Why Can We Bail Out the Banks, But Not Our Planet? Monbiot Lets Loose

Deegan Marie/CC BY-ND 2.0

It is a very weird world we live in. When economists warn that our banking system is close to collapse, our leaders go into overdrive to put together a deal—however unsatisfactory. Meanwhile we've been hearing for years that we are running out of time to avoid catastrophic climate change and yet international climate talks proceed at a glacial, even repetitive pace. This is what's got George Monbiot mad, as he asks over at The Guardian why we can bail out the banks, but not our climate:

The US and other nations began talking seriously about tackling climate change in 1988. Yet we still don't have a legally binding global agreement, and we are unlikely to get one until 2020, if at all. Agreements to help the banks are struck at economic summits without breaking sweat, yet making progress at climate summits looks like using a donkey to tow a 44-tonne truck.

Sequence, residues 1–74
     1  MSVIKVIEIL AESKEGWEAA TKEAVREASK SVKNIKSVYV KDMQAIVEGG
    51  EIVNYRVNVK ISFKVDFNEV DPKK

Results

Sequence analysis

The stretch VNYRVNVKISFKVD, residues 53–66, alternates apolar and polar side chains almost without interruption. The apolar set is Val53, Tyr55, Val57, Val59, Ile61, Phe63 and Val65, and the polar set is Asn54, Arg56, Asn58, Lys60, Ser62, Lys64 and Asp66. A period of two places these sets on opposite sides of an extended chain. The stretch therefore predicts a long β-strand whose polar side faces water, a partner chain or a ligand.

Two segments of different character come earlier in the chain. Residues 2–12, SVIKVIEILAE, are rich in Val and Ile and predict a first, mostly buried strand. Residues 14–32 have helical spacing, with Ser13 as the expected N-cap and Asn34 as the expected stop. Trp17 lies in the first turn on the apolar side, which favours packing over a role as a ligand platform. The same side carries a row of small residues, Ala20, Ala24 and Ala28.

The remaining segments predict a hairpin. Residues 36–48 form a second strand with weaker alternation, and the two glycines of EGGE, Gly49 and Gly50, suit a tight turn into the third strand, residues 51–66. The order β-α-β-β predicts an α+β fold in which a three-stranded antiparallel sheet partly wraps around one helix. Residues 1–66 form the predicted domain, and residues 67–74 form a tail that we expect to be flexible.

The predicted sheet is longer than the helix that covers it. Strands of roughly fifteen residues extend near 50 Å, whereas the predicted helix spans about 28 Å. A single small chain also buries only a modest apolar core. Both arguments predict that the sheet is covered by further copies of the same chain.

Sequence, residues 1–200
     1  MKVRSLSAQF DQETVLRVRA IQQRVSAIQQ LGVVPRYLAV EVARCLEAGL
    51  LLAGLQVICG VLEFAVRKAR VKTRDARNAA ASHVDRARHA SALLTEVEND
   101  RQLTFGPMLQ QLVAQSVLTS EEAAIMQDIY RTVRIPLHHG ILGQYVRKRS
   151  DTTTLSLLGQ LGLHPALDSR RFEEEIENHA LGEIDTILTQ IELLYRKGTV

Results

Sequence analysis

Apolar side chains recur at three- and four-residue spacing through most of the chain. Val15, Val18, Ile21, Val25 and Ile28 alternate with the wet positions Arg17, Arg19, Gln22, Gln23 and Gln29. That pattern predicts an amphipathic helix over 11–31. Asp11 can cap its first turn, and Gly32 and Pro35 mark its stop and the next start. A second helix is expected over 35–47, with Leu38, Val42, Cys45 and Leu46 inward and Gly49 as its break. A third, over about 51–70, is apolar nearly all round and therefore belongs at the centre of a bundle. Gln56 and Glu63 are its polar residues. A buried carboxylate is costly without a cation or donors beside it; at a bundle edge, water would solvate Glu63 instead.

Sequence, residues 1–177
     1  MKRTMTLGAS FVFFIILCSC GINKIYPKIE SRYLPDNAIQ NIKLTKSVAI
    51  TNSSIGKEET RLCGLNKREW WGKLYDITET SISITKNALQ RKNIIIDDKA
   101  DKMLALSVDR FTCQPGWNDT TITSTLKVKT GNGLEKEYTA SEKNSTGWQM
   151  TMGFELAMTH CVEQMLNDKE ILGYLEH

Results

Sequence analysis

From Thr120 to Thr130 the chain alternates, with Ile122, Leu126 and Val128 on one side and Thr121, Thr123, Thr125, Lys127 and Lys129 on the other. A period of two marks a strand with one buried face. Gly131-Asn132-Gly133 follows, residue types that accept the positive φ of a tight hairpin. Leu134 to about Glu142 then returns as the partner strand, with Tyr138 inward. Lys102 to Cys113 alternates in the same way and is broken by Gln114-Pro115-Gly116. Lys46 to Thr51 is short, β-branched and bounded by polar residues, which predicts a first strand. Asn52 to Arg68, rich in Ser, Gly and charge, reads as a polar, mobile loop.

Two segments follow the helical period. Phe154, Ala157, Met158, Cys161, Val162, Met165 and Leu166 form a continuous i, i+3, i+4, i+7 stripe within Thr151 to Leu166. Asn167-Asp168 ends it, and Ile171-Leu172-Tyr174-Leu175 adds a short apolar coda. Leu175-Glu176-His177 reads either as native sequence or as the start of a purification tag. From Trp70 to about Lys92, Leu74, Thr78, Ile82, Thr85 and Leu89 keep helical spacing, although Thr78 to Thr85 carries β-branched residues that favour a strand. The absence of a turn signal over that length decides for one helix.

Ultimately, says Monbiot. it's just the final proof that our governments act for the interests of the elite, not the majority. But how do we change that?

Tags: Activism | Economics | Global Climate Change | United Kingdom

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